“New Zealanders, I believe, are not definitively pro-asset sales, but under certain conditions, it is no longer the bogeyman issue that Labour would have you believe.” . . .

“Let no one claim for any price what is ours as of right. There needs to be a blanket and clear undertaking that this will never be on the agenda,” Mr Dunne said. . .

The prospect of asset sales isn’t the bogeyman Labour is trying to scare voters with and there will be some assets that people feel more strongly about keeping in state hands than others.

The sale of Kiwibank, RadioNZ and water aren’t on any party’s agenda and I can’t see them being so.

But never is a very long time and it’s not wise to hobble future governments with policy prompted more by the hope of winning votes than fact-based analysis.


Isaac Act’s #2


Former Act president Catherine Isaac will be number two on the party’s list.

Catherine Isaac, who was Party President between 2001 and 2006, and is currently Managing Director of a communications consultancy, said she felt very strongly that ACT had a critical role to play in the next Parliament. She said she wanted to help ensure the Party remains true to its core principles, which are all about a stronger, more flexible economy and higher standards of living for all.

This is one of the party’s better moves.

I don’t know Ms Isaac personally but having someone who has been actively involved with the party as a volunteer and is committed to its principles is much better than getting someone who wants to be an MP and sees Act as a vehicle for achieving that.

UPDATE: Cactus Kate reckons Act’s lucky to have Isaac.

October 11 in history


1138 A massive earthquake struck Aleppo, Syria.

1531 Huldrych Zwingli was killed in battle with the Roman Catholic cantons of Switzerland.

1614  Adriaen Block and 12 Amsterdam merchants petitioned the States General for exclusive trading rights in the New Netherland colony.

1634  The Burchardi flood — “the second Grote Mandrenke” killed around 15,000 men in North Friesland, Denmark and Germany.

1649  Sack of Wexford: After a ten-day siege, English New Model Army troops (under Oliver Cromwell) stormed the town of Wexford, killing over 2,000 Irish Confederate troops and 1,500 civilians.

1727  George II and Caroline of Ansbach were crowned King and Queen of Great Britain.

1776  American Revolution: Battle of Valcour Island – 15 American gunboats were defeated but give Patriot forces enough time to prepare defenses of New York City.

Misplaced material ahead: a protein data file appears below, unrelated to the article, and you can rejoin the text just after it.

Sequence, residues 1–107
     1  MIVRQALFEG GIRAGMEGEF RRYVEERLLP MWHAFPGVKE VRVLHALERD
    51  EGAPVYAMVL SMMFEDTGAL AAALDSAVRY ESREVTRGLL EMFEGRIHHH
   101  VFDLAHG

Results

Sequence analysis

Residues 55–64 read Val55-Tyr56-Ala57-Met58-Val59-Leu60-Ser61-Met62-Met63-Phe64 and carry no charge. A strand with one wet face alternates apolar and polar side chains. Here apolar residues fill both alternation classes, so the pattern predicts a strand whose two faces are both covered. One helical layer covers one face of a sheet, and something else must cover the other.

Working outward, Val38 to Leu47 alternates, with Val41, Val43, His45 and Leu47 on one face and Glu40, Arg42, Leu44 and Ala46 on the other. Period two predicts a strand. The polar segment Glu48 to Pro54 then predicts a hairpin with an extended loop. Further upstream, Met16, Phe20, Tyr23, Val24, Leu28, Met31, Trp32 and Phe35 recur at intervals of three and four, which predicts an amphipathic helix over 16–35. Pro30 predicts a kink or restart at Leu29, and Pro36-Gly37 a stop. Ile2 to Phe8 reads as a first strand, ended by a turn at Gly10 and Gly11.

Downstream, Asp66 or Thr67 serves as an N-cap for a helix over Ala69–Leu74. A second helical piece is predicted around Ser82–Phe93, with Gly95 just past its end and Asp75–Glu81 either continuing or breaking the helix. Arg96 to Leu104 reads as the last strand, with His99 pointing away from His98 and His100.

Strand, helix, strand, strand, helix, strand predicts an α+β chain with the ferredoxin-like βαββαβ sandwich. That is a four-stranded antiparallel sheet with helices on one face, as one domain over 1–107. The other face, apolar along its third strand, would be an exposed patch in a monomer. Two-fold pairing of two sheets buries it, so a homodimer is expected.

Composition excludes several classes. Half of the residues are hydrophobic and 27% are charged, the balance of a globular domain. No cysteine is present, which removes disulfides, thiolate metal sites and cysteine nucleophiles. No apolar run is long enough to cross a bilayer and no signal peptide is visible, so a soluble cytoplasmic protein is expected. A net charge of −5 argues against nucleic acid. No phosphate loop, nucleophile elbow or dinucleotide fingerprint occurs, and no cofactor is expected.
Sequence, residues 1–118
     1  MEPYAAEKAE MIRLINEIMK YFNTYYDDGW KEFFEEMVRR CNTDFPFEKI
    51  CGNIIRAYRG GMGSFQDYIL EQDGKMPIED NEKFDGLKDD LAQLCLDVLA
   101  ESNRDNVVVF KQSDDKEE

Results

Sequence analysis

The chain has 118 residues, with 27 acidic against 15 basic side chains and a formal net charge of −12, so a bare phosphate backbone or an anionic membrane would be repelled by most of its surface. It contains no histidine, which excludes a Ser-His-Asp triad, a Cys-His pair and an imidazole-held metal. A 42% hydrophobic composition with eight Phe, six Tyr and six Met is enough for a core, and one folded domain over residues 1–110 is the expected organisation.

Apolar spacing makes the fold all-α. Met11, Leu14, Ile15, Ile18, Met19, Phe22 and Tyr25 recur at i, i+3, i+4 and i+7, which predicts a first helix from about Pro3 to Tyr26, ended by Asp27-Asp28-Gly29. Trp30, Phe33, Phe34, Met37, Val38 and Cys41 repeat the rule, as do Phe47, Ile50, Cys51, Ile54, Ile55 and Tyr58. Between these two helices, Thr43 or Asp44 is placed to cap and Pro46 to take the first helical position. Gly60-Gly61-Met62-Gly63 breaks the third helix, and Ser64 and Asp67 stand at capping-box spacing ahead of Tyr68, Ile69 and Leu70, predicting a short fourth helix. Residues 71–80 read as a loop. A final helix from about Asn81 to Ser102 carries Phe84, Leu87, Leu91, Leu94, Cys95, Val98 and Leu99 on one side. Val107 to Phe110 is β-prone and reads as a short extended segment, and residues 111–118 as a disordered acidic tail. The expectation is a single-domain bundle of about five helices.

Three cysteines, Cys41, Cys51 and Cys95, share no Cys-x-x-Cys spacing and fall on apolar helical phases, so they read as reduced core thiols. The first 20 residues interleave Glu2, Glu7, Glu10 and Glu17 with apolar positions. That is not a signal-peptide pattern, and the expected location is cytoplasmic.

1809  Explorer Meriwether Lewis died under mysterious circumstances at an inn called Grinder’s Stand.

1811  Inventor John Stevens‘ boat, the Juliana, began operation as the first steam-powered ferry (service between New York, New York, and Hoboken, New Jersey).

1833  A big demonstration at the gates of the legislature of Buenos Aires forced the ousting of governor Juan Ramón Balcarce and his replacement with Juan José Viamonte.

1844 Henry Heinz, American food manufacturer, was born (d. 1916).

1852 – The University of Sydney, Australia’s oldest university was inaugurated.

1861 The first Cobb & Co coach service ran from Dunedin to the Otago goldfields.

First Cobb and Co coach service runs to Otago goldfields

1865  Paul Bogle led hundreds of black men and women in a march in Jamaica, starting the Morant Bay rebellion.

1884 Eleanor Roosevelt, First Lady of the United States and humanitarian, was born (d. 1962)

1890  In Washington, DC, the Daughters of the American Revolution was founded.

1899 Second Boer War began.

1906  San Francisco public school board sparked United States diplomatic crisis with Japan by ordering Japanese students to be taught in racially segregated schools.

1910  Ex-president Theodore Roosevelt became the first U.S. president to fly in an airplane. He flew for four minutes with Arch Hoxsey in a plane built by the Wright Brothers.

Betty Noyes, singer who dubbed Debbie Reynolds’ singing voice in Singin’ in the Rain, was born (d 1987).

1926 Neville Wran, Premier of New South Wales. was born.

1929 JC Penney opened store #1252 in Milford, Delaware, making it a nationwide company with stores in all 48 U.S. states.

1937 Sir Bobby Charlton, English footballer, was born.

1941  Beginning of the National Liberation War of Macedonia.

1942  World War II: Battle of Cape Esperance – On the northwest coast of Guadalcanal, United States Navy ships intercepted and defeat a Japanese fleet on their way to reinforce troops on the island.

1944 Tuvinian People’s Republic was annexed by the U.S.S.R.

1950 Television: CBS’s mechanical colour system was the first to be licensed for broadcast by the U.S. Federal Communications Commission.

1954 First Indochina War: The Viet Minh took control of North Vietnam.

1957 Dawn French, Welsh comedian,actress and screenwriter, was born.

1958  NASA launched the lunar probe Pioneer 1.

1962  Second Vatican Council: Pope John XXIII convened the first ecumenical council of the Roman Catholic Church in 92 years.

1968  Apollo program: NASA launched Apollo 7, the first successful manned Apollo mission, with astronauts Wally Schirra, Donn F. Eisele and Walter Cunningham aboard.

1969 Prince Constantijn of the Netherlands, was born.

1972 A race riot on the United States Navy aircraft carrier Kitty Hawk off the coast of Vietnam during Operation Linebacker.

1975 The NBC sketch comedy/variety show Saturday Night Live debuted with George Carlin as the host and Andy Kaufman, Janis Ian and Billy Preston as guests.

1976  George Washington‘s appointment, posthumously, to the grade of General of the Armies of the United States by congressional joint resolution Public Law 94-479 was approved by President Gerald R. Ford.

1982  The Mary Rose, a Tudor carrack which sank on July 19 1545, was salvaged from the sea bed of the Solent.

1984 Astronaut Kathryn D. Sullivan became the first American woman to perform a space walk.

1986 Cold War: U.S. President Ronald Reagan and Soviet leader Mikhail Gorbachev met in Reykjavík, Iceland, in an effort to continue discussions about scaling back their intermediate missile arsenals in Europe.

1987  Start of Operation Pawan by Indian Peace Keeping Force in Sri Lanka that killed few thousand ethnic Tamil civilians, several hundred Tamil Tigers and few hundred Indian Army soldiers.

1996 Pala accident: a wood lorry and school bus collided in Jõgeva county, Estonia, killing eight children.

2001 The Polaroid Corporation filed for federal bankruptcy protection.

2002  A bomb attack in a shopping mall in Vantaa, Finland killed seven.

Sourced from NZ History Online & Wikipedia